Random Musings: Death in the Time of Covid

young parents

Two years ago today I received the news that my father had died. Although a shock at the time it was not entirely unexpected. My parents were in their nineties and suffered many health issues including dementia. Despite their noticeable and ongoing deterioration, they were still lucid enough to understand what was happening to them and had made their wishes clear. They did not desire interventions to prolong suffering they knew was only likely to get worse.

My father’s death happened quickly. He developed severe difficulty breathing and was rushed to hospital. He passed away before tests could be conducted but his symptoms were clearly Covid-19. The paramedics who attended him also voiced concern about my mother. She too was taken to hospital where she tested positive for the virus and was admitted.

Several years previously my parents had taken out prepaid funeral plans. They could not have foreseen that memorial gatherings would be outlawed. Lockdown rules meant neither my brother nor I could travel to Belfast to join our sister in mourning. My father’s body was driven direct to the crematorium in a single vehicle with only the funeral director in attendance. There was no church service, no music, no wake. At home in Wiltshire I and my family raised a glass of Dad’s favourite tipple, Black Bush whiskey, to his memory. That morning I learned my mother had died.

whiskey memorial

I left the family home, which my parents bought off plan and lived for six decades until their deaths, in my early twenties. From then, I returned to visit irregularly. My relationship with both my parents was somewhat distant, emotionally as well as physically. Growing up I was always supported by them in my various endeavours, and knew I was loved, but railed against their criticisms. I was not the daughter they brought me up to be.

My mother was of her time. It mattered to her how I was regarded, particularly by the wider family. It was made clear to me that certain aspects of our lives should never be revealed to them. It mattered to her that I be slim and dress modestly. Of all my achievements throughout my life it was any loss of weight that she most admired.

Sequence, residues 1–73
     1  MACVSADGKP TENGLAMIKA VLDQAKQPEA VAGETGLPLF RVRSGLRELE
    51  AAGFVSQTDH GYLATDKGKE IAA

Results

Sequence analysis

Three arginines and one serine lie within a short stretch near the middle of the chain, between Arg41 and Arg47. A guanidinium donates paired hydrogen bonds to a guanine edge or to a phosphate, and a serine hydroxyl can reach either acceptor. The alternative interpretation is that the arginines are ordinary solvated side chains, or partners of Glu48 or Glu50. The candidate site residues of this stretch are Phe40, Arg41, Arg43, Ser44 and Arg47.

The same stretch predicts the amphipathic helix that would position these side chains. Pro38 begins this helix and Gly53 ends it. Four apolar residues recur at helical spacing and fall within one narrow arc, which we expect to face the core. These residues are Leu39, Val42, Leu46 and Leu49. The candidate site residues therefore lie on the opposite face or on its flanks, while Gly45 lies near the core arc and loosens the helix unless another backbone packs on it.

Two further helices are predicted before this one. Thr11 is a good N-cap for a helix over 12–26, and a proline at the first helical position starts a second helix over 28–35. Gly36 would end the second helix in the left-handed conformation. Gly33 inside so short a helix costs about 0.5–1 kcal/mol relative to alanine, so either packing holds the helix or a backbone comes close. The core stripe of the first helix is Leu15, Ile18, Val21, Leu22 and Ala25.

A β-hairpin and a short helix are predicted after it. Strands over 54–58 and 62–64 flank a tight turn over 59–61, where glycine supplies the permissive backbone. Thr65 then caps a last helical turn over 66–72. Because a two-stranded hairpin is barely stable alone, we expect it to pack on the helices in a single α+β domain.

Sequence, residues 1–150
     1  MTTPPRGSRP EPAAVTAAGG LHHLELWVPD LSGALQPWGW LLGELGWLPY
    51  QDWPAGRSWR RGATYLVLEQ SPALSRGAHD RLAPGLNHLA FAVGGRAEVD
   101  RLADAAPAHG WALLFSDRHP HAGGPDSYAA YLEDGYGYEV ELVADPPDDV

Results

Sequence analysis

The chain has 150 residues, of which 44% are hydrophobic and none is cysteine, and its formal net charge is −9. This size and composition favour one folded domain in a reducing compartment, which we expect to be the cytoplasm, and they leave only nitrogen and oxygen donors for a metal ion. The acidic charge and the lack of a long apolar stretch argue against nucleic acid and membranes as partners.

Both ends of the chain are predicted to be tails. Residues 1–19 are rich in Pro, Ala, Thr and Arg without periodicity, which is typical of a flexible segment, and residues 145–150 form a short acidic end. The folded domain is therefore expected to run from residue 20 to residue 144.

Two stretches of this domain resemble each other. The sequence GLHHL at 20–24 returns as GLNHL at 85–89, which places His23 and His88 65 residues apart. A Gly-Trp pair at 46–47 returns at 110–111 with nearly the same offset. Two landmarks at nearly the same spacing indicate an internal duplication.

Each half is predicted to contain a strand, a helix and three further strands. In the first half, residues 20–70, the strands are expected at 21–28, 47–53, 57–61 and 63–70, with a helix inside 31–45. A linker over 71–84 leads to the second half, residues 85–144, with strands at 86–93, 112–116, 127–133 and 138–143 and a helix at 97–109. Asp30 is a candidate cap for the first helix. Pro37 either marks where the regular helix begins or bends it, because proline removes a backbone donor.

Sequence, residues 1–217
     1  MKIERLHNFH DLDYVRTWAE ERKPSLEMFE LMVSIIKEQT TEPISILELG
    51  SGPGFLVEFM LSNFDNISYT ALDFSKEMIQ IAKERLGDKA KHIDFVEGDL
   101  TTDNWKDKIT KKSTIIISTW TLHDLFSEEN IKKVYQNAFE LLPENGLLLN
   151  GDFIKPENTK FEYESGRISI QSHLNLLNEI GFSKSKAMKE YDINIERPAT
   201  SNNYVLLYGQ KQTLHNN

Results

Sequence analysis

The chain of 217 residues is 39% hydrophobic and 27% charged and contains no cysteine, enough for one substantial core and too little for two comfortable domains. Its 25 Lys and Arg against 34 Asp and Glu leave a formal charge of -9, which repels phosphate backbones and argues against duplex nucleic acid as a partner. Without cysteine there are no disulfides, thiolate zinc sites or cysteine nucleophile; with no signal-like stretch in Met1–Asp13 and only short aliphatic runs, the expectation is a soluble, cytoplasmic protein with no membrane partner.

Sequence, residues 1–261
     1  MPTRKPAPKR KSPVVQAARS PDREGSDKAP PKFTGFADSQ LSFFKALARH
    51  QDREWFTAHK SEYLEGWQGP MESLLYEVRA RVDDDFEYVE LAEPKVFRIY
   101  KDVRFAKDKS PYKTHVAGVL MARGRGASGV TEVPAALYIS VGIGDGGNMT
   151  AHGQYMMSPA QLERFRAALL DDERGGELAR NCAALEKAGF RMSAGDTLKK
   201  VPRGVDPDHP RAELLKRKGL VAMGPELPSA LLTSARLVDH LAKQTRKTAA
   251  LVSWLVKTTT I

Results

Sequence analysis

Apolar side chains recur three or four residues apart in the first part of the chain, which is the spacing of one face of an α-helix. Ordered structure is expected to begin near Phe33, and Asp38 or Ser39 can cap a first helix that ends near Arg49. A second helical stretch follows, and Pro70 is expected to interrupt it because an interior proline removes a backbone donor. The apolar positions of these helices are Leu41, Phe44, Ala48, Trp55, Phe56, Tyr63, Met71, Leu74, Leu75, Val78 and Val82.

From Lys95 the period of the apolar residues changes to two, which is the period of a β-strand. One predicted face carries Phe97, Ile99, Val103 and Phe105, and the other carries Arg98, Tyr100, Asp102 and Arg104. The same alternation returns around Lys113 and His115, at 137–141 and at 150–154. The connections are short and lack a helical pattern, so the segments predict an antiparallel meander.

My father was a quiet and somewhat distant parent. He adored my mother, putting her needs first. Towards the end of their lives my mother told me it had been a good life, that they had been happy together, the overseas package holidays they took once their children were old enough to be left behind offered as particular highlights. That neither had to live on without the other is a strange sort of comfort now.

Grief is a complex beast. Although I was happier once I left Belfast, and my parents appeared to enjoy their times as a couple more than when with other family members, their deaths have still left a void that cannot be filled. Their quality of life was already compromised when they contracted Covid-19 so in some ways such a quick death could be regarded as a blessing. For those of us left, it still requires processing.

I have not felt the overwhelming sorrow I know some feel when a parent dies. My grief has been more a quiet, shadowed reflection on how our relationship developed over the years. I was told that I spent the first few months of my life in hospital, my mother visiting daily to cry over my crib. She blamed this for my later distance even though I cannot remember the time. It seems I caused her, and therefore my father, trouble from the very start.

None of this can diminish that they were always there for me. And now that they are not I can focus on the positives they provided. They both came from inner city, working class backgrounds, taking jobs and saving money – the pennies that eventually grew to pounds – to give themselves and their children a more stable life. They were proud that the three of us, and then their six grandchildren, all attended university. My father missed out on his chance to train as a teacher due to the war prioritising returning soldiers. He gave up his deferred place to enable him to marry.

They were the best parents they could be given the people they were, and for that I remain grateful. I am glad I got to tell them this before they died.

mum and dad olderWinnie and Norman at home, RIP

Edward Explores: London in the time of Covid

edward london pic1

As mentioned in the last post in this occasional series for fellow teddy bear appreciators, Edward was very excited to be taken on an adventure that required a train journey earlier this month. He travelled to London where he hoped to visit several of his favourite attractions. Sadly, some were either closed to visitors or had restrictions in place that prevented entry. Nevertheless, Edward had an enjoyable couple of days away with his bearers and returned home with tales to tell his friends.

edward london pic2

On disembarking the train, Edward took pleasure in a lengthy walk across the city, through several Royal Parks and along the river. He passed Buckingham Palace where his good friend Elizabeth sometimes works. Men with guns stood outside so he decided not to get any closer. The place was notably quieter than the last time he was there.

edward london pic5